VEGF signals induce trailblazer cell identity that drives neural crest migration

Rebecca McLennan, Linus J. Schumacher, Jason A. Morrison, Jessica M. Teddy, Dennis A. Ridenour, Andrew C. Box, Craig L. Semerad, Hua Li, William McDowell, David Kay, Philip K. Maini, Ruth E. Baker, Paul M. Kulesa

Research output: Contribution to journalArticle

46 Scopus citations

Abstract

Embryonic neural crest cells travel in discrete streams to precise locations throughout the head and body. We previously showed that cranial neural crest cells respond chemotactically to vascular endothelial growth factor (VEGF) and that cells within the migratory front have distinct behaviors and gene expression. We proposed a cell-induced gradient model in which lead neural crest cells read out directional information from a chemoattractant profile and instruct trailers to follow. In this study, we show that migrating chick neural crest cells do not display distinct lead and trailer gene expression profiles in culture. However, exposure to VEGF in vitro results in the upregulation of a small subset of genes associated with an in vivo lead cell signature. Timed addition and removal of VEGF in culture reveals the changes in neural crest cell gene expression are rapid. A computational model incorporating an integrate-and-switch mechanism between cellular phenotypes predicts migration efficiency is influenced by the timescale of cell behavior switching. To test the model hypothesis that neural crest cellular phenotypes respond to changes in the VEGF chemoattractant profile, we presented ectopic sources of VEGF to the trailer neural crest cell subpopulation and show diverted cell trajectories and stream alterations consistent with model predictions. Gene profiling of trailer cells that diverted and encountered VEGF revealed upregulation of a subset of 'lead' genes. Injection of neuropilin1 (Np1)-Fc into the trailer subpopulation or electroporation of VEGF morpholino to reduce VEGF signaling failed to alter trailer neural crest cell trajectories, suggesting trailers do not require VEGF to maintain coordinated migration. These results indicate that VEGF is one of the signals that establishes lead cell identity and its chemoattractant profile is critical to neural crest cell migration.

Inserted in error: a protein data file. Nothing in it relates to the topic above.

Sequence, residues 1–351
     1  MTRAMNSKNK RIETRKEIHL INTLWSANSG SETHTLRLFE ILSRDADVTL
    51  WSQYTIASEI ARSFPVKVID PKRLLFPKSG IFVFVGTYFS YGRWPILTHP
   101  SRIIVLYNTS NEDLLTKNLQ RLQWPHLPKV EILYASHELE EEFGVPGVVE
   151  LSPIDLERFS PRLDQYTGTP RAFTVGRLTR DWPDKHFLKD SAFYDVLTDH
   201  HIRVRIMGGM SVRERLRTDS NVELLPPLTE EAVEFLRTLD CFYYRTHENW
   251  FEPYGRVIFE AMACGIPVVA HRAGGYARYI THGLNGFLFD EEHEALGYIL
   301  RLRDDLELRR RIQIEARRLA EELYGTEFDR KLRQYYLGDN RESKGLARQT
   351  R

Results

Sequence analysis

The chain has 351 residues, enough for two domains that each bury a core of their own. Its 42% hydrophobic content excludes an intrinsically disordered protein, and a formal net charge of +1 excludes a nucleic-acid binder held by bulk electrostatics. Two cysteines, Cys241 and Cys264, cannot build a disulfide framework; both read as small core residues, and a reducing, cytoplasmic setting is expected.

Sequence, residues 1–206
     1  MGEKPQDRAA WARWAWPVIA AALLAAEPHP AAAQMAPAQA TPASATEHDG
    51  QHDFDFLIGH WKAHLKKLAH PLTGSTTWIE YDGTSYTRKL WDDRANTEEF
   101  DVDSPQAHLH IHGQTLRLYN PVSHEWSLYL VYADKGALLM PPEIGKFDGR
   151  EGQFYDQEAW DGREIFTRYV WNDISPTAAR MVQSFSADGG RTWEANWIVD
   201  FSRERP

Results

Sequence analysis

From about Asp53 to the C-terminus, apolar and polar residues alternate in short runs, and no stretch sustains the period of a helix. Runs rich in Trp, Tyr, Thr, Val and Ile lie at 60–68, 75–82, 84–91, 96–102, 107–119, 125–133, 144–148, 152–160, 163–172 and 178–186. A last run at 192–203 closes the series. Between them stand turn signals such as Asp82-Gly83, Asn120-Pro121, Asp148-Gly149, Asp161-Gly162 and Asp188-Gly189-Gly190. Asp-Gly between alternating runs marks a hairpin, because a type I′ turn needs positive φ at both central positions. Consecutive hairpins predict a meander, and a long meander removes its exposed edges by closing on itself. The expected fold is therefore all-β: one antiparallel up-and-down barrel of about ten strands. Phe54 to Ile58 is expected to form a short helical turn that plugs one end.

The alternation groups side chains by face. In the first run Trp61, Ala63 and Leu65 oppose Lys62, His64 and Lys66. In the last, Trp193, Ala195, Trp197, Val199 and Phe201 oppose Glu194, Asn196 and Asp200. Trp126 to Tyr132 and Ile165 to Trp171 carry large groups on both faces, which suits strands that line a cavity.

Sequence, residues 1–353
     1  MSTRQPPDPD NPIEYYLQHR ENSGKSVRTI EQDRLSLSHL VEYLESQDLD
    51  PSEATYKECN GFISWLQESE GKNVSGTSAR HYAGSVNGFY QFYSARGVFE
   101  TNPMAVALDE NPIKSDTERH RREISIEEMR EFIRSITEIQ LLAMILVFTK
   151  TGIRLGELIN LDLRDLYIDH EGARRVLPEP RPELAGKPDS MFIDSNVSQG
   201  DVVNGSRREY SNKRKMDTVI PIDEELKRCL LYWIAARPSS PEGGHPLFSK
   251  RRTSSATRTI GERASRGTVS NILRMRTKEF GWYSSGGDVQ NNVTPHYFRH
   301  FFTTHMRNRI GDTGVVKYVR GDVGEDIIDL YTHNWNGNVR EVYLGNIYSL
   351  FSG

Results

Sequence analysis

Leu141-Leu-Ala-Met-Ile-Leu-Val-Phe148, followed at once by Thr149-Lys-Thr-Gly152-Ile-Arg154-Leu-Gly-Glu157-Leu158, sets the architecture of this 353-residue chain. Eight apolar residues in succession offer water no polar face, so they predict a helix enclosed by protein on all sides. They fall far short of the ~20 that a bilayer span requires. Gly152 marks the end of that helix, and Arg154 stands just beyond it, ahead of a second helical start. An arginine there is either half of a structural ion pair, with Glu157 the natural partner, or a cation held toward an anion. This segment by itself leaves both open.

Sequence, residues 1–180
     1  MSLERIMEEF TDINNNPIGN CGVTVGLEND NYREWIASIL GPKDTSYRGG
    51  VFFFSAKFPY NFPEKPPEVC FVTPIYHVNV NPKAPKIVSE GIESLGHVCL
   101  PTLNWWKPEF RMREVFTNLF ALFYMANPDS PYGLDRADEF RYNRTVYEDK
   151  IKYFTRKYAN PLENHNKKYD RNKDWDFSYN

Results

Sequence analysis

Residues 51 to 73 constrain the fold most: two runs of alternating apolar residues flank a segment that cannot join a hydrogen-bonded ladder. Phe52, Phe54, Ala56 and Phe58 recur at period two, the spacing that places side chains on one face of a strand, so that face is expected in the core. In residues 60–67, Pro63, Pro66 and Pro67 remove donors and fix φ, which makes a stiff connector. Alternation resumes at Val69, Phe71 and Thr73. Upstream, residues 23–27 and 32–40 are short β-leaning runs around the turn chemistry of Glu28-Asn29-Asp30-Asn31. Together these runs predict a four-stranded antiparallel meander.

Original languageEnglish (US)
Pages (from-to)12-25
Number of pages14
JournalDevelopmental Biology
Volume407
Issue number1
DOIs
StatePublished - Nov 1 2015

Keywords

  • Cell migration
  • Chick
  • Computational modeling
  • Embryonic microenvironment
  • Gene expression
  • Molecular profile
  • Neural crest
  • Trailblazers

ASJC Scopus subject areas

  • Molecular Biology
  • Developmental Biology
  • Cell Biology

Fingerprint Dive into the research topics of 'VEGF signals induce trailblazer cell identity that drives neural crest migration'. Together they form a unique fingerprint.

  • Cite this

    McLennan, R., Schumacher, L. J., Morrison, J. A., Teddy, J. M., Ridenour, D. A., Box, A. C., Semerad, C. L., Li, H., McDowell, W., Kay, D., Maini, P. K., Baker, R. E., & Kulesa, P. M. (2015). VEGF signals induce trailblazer cell identity that drives neural crest migration. Developmental Biology, 407(1), 12-25. https://doi.org/10.1016/j.ydbio.2015.08.011